.setIndex(backIndex)
        .build());

It is possible to animate the DecoView at any time in response to a user action, such as pressing a button or using a swipe gesture. This is what we have just created with an event to be executed immediately.

It is also possible to delay events to happen at a future time. We will construct then event using setDelay(5000) to delay the animation of the main data series. We need to set the current value between the minimum (0) and maximum (50) values specified on creation of the data series.

Here is how to move the current position to 16.3f (out of 50) and delay the event to start after 5 seconds. After 10 seconds we will then move the position to 30.

decoView.addEvent(new DecoEvent.Builder(16.3f)
        .setIndex(series1Index)
        .setDelay(5000)
        .build());

decoView.addEvent(new DecoEvent.Builder(30f)
        .setIndex(series1Index)
        .setDelay(10000)
        .build());

Note: All time values in DecoView are specified in Milliseconds, 5000ms == 5 seconds

Step 6. Run your app to test your DecoView

You should now have the DecoView animating and looking similar to the image below when you run your app.

DecoView basic sample

Step 7. Add more data series, custom reveal animations and event listeners

To finish off building the Faux Fit sample you need to:

  • Add two more data series. This can be done using the same method used to create the existing series
  • Add custom reveal and hide effects
  • Create a animation loop by adding a listener to recreate all the events when the last one has completed

The code required to complete these final tasks can be viewed in the Faux Fit Activity found within the GitHub project. You should end up with an Activity something like the snapshot below.

Faux Fit DecoView Sample

License

Copyright 2015 Brent Marriott

Licensed under the Apache License, Version 2.0 (the "License");
you may not use this file except in compliance with the License.
You may obtain a copy of the License at

   http://www.apache.org/licenses/LICENSE-2.0

Unless required by applicable law or agreed to in writing, software
distributed under the License is distributed on an "AS IS" BASIS,
WITHOUT WARRANTIES OR CONDITIONS OF ANY KIND, either express or implied.
See the License for the specific language governing permissions and
limitations under the License.

References

DecoView on GitHub: https://github.com/bmarrdev/android-DecoView-charting

Faux Fit sample on GitHub: https://github.com/bmarrdev/fauxfit-decoview-sample

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3 Comments

Filed under Android Libraries, Android Studio, Animation, Charting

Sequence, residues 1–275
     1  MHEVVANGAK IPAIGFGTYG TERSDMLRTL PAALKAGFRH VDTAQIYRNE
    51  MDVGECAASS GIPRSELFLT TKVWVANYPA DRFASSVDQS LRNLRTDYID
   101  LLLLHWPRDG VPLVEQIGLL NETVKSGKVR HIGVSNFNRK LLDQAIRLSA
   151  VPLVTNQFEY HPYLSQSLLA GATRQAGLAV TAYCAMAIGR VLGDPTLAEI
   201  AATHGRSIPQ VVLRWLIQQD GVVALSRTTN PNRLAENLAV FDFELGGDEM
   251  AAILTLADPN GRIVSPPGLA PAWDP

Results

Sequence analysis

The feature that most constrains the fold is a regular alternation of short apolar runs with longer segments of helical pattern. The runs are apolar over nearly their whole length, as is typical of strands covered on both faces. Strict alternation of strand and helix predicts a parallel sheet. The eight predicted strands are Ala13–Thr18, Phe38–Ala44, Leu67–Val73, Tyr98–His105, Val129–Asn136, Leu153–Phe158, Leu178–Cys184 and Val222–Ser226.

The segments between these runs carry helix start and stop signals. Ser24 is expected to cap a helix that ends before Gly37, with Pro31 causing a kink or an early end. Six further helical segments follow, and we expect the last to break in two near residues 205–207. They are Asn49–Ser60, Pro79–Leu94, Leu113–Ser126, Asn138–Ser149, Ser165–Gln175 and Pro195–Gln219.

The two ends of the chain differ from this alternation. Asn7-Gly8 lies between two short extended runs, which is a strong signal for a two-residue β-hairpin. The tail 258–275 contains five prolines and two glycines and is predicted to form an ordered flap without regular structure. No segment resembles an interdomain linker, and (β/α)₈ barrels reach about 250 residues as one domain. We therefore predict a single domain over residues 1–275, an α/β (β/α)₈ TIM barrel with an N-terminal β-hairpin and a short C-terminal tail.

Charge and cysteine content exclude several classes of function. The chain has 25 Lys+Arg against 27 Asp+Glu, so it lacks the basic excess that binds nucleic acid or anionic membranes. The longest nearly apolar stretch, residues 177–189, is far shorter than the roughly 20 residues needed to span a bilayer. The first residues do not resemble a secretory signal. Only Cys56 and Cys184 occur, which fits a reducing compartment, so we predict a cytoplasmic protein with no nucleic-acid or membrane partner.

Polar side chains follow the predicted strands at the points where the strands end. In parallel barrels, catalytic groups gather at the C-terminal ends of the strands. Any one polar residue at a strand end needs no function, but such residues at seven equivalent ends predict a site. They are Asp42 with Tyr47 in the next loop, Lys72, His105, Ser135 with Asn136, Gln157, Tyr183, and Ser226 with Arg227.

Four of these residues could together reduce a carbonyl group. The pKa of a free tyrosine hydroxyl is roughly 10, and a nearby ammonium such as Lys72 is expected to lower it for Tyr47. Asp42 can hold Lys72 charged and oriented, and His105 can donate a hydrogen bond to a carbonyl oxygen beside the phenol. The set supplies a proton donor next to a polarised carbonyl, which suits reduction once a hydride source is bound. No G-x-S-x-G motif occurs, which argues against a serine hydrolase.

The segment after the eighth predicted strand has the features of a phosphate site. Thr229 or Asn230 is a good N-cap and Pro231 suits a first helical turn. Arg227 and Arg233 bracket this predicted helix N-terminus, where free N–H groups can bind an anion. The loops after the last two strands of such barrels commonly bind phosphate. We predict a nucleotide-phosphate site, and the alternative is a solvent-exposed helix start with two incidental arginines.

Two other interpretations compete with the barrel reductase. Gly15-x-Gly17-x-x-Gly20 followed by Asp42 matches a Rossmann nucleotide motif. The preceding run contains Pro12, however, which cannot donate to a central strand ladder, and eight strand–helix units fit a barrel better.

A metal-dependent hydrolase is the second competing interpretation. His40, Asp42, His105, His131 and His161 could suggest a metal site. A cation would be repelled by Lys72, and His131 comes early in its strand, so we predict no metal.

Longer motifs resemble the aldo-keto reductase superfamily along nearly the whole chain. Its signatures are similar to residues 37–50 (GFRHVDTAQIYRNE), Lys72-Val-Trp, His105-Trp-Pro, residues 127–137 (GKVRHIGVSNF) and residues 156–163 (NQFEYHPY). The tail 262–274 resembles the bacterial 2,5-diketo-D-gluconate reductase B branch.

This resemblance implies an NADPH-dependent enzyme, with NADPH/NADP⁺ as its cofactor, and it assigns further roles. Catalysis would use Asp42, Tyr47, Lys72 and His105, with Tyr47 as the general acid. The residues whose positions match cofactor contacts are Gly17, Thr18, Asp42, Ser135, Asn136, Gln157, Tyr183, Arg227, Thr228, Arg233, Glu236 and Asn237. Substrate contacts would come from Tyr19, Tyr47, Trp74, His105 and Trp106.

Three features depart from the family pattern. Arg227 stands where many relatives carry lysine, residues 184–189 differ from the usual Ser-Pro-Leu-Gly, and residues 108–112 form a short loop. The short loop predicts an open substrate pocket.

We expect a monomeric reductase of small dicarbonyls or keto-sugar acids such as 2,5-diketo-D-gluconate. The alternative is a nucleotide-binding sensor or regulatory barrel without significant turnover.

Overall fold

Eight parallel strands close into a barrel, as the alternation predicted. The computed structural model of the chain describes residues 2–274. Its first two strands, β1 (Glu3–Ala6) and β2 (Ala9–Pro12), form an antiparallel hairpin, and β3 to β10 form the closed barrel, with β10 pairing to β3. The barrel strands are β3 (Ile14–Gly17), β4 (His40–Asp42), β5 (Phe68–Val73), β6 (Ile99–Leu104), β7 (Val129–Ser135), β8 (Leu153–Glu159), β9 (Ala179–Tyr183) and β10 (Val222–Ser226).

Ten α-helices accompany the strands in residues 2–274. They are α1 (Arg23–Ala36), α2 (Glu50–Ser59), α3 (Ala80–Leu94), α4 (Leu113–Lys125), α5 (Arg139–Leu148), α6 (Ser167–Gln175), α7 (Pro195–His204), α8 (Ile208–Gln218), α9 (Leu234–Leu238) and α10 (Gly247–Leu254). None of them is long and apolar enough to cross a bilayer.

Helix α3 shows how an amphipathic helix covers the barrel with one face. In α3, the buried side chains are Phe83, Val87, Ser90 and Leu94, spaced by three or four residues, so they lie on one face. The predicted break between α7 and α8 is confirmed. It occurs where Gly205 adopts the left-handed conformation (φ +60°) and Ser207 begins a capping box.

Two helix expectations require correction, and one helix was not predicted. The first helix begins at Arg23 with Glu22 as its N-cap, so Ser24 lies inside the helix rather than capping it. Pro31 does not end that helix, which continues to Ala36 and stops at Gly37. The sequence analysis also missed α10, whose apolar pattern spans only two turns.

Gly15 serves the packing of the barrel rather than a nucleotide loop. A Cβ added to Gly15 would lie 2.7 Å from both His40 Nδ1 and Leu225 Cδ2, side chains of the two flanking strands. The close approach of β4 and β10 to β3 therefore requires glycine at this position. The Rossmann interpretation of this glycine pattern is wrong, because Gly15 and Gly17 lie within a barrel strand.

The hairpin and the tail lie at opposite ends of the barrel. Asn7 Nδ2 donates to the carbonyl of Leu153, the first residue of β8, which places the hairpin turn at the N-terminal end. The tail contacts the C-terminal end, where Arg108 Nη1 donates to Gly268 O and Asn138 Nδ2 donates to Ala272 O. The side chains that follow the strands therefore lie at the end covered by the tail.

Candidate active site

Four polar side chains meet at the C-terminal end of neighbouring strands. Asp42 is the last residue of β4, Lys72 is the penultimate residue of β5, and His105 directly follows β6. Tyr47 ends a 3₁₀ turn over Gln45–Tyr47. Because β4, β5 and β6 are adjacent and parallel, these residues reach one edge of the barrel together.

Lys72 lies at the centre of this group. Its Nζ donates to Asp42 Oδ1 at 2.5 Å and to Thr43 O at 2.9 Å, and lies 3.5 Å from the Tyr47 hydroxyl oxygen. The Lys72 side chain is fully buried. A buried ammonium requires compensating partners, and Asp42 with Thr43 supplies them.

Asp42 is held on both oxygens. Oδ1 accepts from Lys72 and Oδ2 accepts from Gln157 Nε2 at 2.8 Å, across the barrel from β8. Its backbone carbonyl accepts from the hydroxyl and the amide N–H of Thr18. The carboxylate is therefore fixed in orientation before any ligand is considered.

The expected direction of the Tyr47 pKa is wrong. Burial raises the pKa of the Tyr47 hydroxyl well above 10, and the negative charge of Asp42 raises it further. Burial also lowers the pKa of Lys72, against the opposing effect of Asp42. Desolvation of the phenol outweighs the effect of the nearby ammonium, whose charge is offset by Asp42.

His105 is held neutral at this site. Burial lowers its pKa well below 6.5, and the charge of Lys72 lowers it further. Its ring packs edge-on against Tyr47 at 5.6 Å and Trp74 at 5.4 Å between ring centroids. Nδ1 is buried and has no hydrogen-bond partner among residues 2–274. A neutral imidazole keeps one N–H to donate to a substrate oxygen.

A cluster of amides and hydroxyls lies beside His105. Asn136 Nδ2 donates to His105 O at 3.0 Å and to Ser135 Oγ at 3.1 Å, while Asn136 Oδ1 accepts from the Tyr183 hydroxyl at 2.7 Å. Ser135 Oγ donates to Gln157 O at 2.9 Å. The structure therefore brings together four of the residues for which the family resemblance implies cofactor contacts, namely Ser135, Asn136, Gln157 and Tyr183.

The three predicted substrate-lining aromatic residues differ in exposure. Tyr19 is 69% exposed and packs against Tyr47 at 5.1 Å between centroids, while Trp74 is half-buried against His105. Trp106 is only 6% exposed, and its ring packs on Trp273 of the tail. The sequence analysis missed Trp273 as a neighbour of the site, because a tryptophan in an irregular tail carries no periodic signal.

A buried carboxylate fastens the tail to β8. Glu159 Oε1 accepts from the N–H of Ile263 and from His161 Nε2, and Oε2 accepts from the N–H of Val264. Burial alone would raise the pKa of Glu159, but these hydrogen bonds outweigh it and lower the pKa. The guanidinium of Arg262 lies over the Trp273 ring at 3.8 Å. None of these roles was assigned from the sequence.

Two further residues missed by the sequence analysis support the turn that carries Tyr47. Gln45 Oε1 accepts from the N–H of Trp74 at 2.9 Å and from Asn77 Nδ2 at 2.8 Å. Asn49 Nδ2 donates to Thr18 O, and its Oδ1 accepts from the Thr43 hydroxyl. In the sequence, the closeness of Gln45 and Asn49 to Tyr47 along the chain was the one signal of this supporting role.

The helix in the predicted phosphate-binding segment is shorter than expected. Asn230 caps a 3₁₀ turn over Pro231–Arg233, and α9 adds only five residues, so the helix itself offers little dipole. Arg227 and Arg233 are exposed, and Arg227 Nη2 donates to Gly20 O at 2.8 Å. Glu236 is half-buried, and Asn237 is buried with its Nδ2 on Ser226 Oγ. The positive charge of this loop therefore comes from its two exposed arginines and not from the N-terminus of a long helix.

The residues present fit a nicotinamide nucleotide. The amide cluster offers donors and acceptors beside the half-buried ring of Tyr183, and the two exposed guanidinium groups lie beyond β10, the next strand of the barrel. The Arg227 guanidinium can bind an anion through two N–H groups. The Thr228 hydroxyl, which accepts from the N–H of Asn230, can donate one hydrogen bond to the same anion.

Android NDK: Version code scheme for publishing APKs per architecture

Distributing native libraries with your APK adds complexity to your build process and can bloat the size of your APK. You have to include a specific build of native libraries for every architecture you want to target, or to be more technically correct every ABI (Application Binary Interface) you are targeting. Different Android devices use different CPU’s architecture, which have support for different instruction sets. An ABI is different for each combination of CPU and the instruction set supported.

The recommended distribution method for your APK is to distribute one APK that contains all the static native libraries for all the ABIs being targeted. This article does not follow that path and discusses how to build, upload and manage separate APKs for your app. Each APK will include only the native libraries for a specific ABI. The following assumptions are made:

  • You are using Android Studio 1.2+ and using the Android gradle plugin build system
  • You are distributing your app through the Google Play store
  • You already have static native libraries (.so) built with the Android NDK
  • You are concerned about APK bloat caused by these native libraries

Universal APK or Multiple APKs

You need to make an educated and considered decision about if you distribute one APK that includes all native libraries or multiple APKs. The advantage of one universal APK is that it is simple to deploy and maintain your app, the disadvantage is that you potentially could have a substantial increase in APK size. I have previously described how to use SQLCipher in an Android app which discussed this tradeoff. Figure 1, below, shows the impact on size when shipping SQLCipher native libraries in a basic APK.

Figure 1: Size increase when including SQLCipher

Figure 1: Size increase when including SQLCipher

Play Store requirement for unique versionCode per ABI

The only way for a developer to distribute an app, with different APKs, to users on different devices is to have a unique versionCode and to ensure each APK is targeting different devices. The versionCode needs to be unique as it is possible that a users device is compatible with more than one APK, when this happens they will receive the version with the highest versionCode.